2011 • accessible interviews • Activity Theoryboundaries • building social capital • capacity to support education • cognitive tacticscontrol • deficit identity • deviance • deviant • deviant statusdifference • dis/ability • dis/ability difference • disabilitydisability and social networks • disability as a visible • disability studies • disability studies researcher • disabled students • disabled subjectivities • disabling • disconnection • discourse analysisdiversity • education researcher • educational impact • everyday student lifeFacebook • Foucauldian perspective • higher educationidentityidentity constructionidentity performance • impairment • interactive services • internet-enabled interviews • invisiblelearning and teaching • LSRI • mediated environmentsMichel Foucaultmitigating impairment • mobile broadband • networked experiences • networked publicsnew technologiesnew ways of being • non-disabled subjectivities • normal status • normative conditions • open to scrutiny • PhDPhD thesis • produced by the network • punitive • qualitative study • remote desktop • Sarah Lewthwaite • screen capture • self-advocacy • self-discipline • self-surveillance • social experience of disability • social interactionsocial media researchersocial networking servicesocial networking sitessocial networkssocial norms • social tactics • social technologies • socio-technically ascribed • student circumstancesstudent experience • student experiences of disability • student preference • students • suppressed by the network • tactictactics • technological tactics • technologies of powerthesis • unequal gaze • University of Nottingham • unseen impairments • Web 2.0 technologies • web-basedWikipediayoung peopleYouTube

CONTRIBUTOR

Simon Perkins
19 FEBRUARY 2010

DESIGNABILITIES

"The DESIGNABILITIES blog is part of the project 'Speechless' managed by Tom Bieling and supervised by Prof. Dr. Gesche Joost, at the Design Research Lab of Deutsche Telekom Laboratories.

DESIGNABILITIES is meant to be an exchange platform, not only for the project members or partners, but also for anybody who is interested in the topic likes to share knowledge in this research field.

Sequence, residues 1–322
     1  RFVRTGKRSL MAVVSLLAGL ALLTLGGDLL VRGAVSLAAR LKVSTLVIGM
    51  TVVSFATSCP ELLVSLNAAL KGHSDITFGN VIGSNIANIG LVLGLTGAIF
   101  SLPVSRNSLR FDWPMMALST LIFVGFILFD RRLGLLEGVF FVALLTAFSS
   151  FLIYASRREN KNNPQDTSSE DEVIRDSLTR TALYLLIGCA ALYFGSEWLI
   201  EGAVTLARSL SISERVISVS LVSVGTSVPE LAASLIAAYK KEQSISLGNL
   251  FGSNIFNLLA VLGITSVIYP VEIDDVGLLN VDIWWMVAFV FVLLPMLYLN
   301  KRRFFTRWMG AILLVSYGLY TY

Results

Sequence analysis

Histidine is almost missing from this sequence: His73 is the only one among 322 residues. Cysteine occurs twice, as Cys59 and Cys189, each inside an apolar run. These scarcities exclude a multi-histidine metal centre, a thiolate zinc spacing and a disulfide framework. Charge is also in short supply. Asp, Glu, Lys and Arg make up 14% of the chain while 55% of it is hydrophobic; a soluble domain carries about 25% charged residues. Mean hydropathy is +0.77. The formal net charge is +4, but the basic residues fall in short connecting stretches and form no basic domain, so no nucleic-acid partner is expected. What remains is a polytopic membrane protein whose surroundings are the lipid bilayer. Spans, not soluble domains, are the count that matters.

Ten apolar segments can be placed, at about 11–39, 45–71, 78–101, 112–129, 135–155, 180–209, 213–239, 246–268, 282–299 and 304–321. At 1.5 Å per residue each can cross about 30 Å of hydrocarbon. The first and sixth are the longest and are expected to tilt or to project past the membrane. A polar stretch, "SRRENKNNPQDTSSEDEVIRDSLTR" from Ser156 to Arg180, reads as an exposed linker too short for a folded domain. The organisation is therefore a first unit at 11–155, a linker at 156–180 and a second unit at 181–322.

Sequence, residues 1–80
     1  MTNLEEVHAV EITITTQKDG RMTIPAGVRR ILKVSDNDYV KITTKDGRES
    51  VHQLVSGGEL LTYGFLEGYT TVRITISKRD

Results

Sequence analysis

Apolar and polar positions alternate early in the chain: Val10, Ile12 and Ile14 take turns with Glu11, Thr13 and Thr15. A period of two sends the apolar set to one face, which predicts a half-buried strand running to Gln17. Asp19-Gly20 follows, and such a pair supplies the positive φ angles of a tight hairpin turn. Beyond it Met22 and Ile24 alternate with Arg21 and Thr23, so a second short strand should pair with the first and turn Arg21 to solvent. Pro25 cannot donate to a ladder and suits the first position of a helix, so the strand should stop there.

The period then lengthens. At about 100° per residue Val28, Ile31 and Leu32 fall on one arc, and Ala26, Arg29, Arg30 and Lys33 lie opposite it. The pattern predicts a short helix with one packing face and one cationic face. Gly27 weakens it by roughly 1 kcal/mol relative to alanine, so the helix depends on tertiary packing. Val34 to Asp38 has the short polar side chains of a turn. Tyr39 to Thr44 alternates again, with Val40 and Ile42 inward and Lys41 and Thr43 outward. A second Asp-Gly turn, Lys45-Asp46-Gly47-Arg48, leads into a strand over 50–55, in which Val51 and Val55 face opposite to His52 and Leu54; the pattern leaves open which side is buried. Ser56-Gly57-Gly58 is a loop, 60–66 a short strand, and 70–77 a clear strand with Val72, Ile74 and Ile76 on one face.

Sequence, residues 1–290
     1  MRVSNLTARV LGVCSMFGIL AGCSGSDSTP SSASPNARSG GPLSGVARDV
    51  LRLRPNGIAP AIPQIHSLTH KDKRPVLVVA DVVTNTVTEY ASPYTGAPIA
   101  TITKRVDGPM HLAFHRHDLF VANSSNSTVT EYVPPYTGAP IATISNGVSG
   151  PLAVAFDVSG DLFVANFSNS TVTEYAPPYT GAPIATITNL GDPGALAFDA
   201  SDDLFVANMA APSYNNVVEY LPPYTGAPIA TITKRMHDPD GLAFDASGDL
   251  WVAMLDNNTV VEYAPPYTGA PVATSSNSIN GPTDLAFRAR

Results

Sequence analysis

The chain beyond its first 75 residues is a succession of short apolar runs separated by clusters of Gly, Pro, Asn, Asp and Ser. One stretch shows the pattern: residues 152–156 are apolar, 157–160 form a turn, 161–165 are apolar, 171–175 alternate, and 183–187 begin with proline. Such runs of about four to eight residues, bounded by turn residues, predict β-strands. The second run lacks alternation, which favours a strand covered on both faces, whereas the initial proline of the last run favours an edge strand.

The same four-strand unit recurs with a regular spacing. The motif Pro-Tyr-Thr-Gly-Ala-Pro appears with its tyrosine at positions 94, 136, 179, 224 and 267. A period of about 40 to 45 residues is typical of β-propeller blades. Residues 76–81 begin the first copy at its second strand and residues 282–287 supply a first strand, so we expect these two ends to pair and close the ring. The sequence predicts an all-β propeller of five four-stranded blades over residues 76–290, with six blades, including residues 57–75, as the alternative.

We like to collect, document and discuss inspiring projects, products, concepts and theories within the range of design, technology, art, architecture, philosophy and pop culture. This includes also the discussion on the progress of our own research work....

It might be links to interesting projects, publications, products or services. It might be book reviews, announcements of interesting events (e.g. conferences, lectures, presentations, releases) or just questions, hypotheses or comments in general."

(Tom Bieling)

Fig.1 2007_Tact, http://www.behance.net/Gallery/Tact/158198

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TAGS

alternative communication • architectureaugmentative communicationblindblindnessBraille • communication and audibility • communication and movement • communication and time • communication in space • communication over distance • deafness • design • design for all • design for disabilitydesign intelligencedesign research • Design Research Lab • design responsibility • Deutsche Telekom Laboratories • disabilitydisability studies • Gesche Joost • HCIinclusive designindustrial designinterface design • invisual communication • pop-cultureproduct designresearchsocial design • Speechless project • sustainabilitytactile communicationtechnologytimepiece • Tom Bieling • universal designusabilityvisual communication

CONTRIBUTOR

Simon Perkins